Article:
WHISNANT: The United States of oligarchy
Our current economic climate fosters inequality
Six years after the onset of the financial crisis, America’s basic truisms are all but extinct. It’s become cliché to question whether or not the country is still a place of equal opportunity, and unabashed proclamations of the “American Dream” are often met with resigned eyerolls rather than patriotic cheers. While there’s been much discussion about the effects of wealth inequality on economics, two recent works suggest inequality will extinguish the American idea of democracy altogether if we continue down our current path.
Writing in “Perspectives on Politics,” Princeton and Northwestern political scientists Martin Gilens and Benjamin I. Page find that “economic elites and organized groups representing business interests have substantial independent impacts on U.S. government policy, while average citizens and mass-based interest groups have little or no independent influence.” Examining 1,779 policy issues since the Reagan years, Gilens and Page find the opinions of voters in the top 10 percent of income distribution are 15 times more important to forming policy outcomes as compared to opinions of those in the bottom 90 percent. Gilens writes in the Boston Review that his findings also suggest “both parties are inclined to ignore the public. Both seek to control government, and strong partisan control by either leads to policy-making with little regard for the preferences of the governed.”
Because preferences of elites and average voters sometimes line up, the bias of the political process towards the rich is often masked, but given a divergence in opinion across the income distribution, elites win the debate with precious few exceptions. Compounded with research from the University of Connecticut that the Senate almost exclusively responds to the preferences of the wealthy, there is a strong empirical basis for widespread disillusionment with government. Gilens and Page note that the United States still retains the elections, free speech, and voting rights that are crucial to democracy, but the research does not support the United States being a truly representative democracy, in any meaningful sense.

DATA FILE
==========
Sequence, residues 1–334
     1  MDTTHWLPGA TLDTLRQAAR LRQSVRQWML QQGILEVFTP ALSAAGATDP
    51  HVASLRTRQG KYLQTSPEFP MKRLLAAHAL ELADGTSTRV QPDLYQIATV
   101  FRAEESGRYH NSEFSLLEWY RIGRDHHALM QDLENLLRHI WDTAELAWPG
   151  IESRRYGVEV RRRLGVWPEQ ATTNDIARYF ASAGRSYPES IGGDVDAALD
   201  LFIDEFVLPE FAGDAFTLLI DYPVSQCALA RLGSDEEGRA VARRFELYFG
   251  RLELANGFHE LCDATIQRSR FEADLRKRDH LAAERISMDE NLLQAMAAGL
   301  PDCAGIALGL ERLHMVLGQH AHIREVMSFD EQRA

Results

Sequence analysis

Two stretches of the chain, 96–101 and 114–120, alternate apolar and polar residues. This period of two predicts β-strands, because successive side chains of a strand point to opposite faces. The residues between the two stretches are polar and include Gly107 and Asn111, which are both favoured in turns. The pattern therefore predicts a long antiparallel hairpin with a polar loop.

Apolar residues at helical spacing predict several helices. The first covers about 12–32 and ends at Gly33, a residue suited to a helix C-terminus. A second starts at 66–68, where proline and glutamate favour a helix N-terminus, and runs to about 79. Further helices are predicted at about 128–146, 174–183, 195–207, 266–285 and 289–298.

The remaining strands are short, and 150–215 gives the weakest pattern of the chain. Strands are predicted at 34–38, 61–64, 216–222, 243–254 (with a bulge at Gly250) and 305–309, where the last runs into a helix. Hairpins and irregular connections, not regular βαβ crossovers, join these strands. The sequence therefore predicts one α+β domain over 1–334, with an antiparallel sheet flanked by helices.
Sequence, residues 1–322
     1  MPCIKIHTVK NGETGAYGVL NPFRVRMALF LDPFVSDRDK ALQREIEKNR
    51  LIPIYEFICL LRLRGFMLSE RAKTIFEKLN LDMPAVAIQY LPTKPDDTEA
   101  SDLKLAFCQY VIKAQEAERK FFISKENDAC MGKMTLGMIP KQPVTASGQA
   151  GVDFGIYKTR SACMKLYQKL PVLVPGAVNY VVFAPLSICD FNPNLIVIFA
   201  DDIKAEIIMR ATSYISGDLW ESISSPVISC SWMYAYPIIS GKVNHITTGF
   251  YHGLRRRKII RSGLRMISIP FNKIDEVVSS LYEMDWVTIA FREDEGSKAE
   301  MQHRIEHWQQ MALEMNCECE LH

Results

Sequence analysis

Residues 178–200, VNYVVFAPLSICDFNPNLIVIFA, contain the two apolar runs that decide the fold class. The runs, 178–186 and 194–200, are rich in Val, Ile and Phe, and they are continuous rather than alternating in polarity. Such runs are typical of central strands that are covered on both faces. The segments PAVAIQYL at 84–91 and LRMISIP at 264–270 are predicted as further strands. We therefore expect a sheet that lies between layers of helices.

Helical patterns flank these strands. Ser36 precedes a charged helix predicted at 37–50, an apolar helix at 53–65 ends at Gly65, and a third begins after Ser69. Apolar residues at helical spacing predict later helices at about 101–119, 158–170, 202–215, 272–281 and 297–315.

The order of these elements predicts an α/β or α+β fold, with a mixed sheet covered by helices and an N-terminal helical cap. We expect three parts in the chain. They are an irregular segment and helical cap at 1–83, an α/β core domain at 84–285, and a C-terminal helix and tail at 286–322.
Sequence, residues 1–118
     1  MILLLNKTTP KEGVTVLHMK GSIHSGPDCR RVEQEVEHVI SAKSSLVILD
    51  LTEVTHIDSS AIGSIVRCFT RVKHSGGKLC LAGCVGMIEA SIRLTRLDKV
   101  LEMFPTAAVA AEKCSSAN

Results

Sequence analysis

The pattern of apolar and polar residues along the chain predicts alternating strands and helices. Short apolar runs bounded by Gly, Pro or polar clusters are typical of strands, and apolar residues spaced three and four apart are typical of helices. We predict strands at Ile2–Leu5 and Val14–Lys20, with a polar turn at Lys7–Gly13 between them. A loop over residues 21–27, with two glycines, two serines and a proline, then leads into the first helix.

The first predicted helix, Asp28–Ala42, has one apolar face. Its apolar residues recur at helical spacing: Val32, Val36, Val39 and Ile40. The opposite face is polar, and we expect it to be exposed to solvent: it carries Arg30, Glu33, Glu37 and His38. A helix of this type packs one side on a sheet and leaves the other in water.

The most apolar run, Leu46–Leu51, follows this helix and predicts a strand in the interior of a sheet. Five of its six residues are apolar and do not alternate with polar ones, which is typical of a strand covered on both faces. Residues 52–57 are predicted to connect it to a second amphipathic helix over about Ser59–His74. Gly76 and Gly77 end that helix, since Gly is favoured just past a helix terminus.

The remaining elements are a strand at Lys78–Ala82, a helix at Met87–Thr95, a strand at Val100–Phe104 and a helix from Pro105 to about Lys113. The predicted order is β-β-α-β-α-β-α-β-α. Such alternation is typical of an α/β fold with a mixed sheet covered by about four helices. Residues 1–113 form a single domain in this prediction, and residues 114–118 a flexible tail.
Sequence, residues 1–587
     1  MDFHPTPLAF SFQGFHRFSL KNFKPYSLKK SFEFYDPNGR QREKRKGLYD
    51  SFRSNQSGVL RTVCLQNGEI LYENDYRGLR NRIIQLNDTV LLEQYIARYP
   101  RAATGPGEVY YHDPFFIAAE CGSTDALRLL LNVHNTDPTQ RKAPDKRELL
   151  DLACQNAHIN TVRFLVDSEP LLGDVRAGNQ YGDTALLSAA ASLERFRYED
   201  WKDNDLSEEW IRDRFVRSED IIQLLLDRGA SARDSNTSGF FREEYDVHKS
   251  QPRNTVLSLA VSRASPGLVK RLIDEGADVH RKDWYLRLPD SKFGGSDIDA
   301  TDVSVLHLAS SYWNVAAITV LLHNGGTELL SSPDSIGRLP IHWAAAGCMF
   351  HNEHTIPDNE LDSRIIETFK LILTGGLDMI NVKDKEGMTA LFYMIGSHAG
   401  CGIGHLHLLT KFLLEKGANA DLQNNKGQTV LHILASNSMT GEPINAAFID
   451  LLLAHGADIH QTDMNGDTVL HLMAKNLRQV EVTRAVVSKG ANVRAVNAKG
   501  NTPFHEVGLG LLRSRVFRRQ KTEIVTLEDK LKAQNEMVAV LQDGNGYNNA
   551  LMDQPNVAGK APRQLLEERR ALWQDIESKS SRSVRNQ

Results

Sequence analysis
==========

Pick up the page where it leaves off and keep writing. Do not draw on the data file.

While these studies shed needed light on our present political system, French economist Thomas Piketty’s “Capital in the Twenty-First Century” is a troubling analysis of where we are headed. Piketty writes, “When the rate of return on capital exceeds the rate of growth of output and income, as it did in the nineteenth century and seems quite likely to do again in the twenty-first, capitalism automatically generates arbitrary and unsustainable inequalities that radically undermine the meritocratic values on which democratic societies are based.” As advanced economies continue to stagnate, wealthy investors will grow wealthier as the working and middle classes see their standards of living flatline and then eventually deteriorate. Per Piketty’s analysis, the 20th century’s two world wars and the responses to them brought about a great convergence of income distribution that led to a broad-based middle class unlike the world had ever seen before, but since the 1970s, the troubling trends in 19th century capitalism are reasserting themselves with a vengeance worldwide.
Most disturbingly, Piketty predicts the death of the “self-made man” at the hands of what he calls “patrimonial capitalism.” Because wealth is increasingly concentrated in the hands of a few, hereditary family dynasties will increasingly emerge and talented, hard-working individuals without means will increasingly lack opportunities to innovate and thrive. He sees this trend crystallizing in the middle and later parts of the coming century, but we can already see it beginning: six of the top 10 wealthiest Americans are members of the Walton or Koch families.
Piketty’s work has gained notoriety across the political spectrum, with liberal economist Paul Krugman calling Piketty’s work a wake-up call to a “New Gilded Age,” conservative writer James Pethokoukis citing economic growth as an essential remedy to the problems Piketty foresees, and the neoliberal staff of The Economist conceding, “Those of us who would like to preserve the market system need to grapple with that sort of dynamic [of inequality].” Whatever your position on Piketty’s conclusions, the data he marshals is impossible to dismiss.
Despite (or because of) the severity of the problems and the capture of the political system by wealth, the solutions Piketty presents are not easy to enact. His suggested remedies, a global tax on wealth and high estate taxes, are likely to strike the U.S. voting public as “socialist” and un-American. Piketty may not even have the right answers, but if nothing is done, the United States in the year 2050 might also look un-American in ways we can’t even imagine.
Gray Whisnant is an Opinion Columnist for The Cavalier Daily. He can be reached at firstname.lastname@example.org.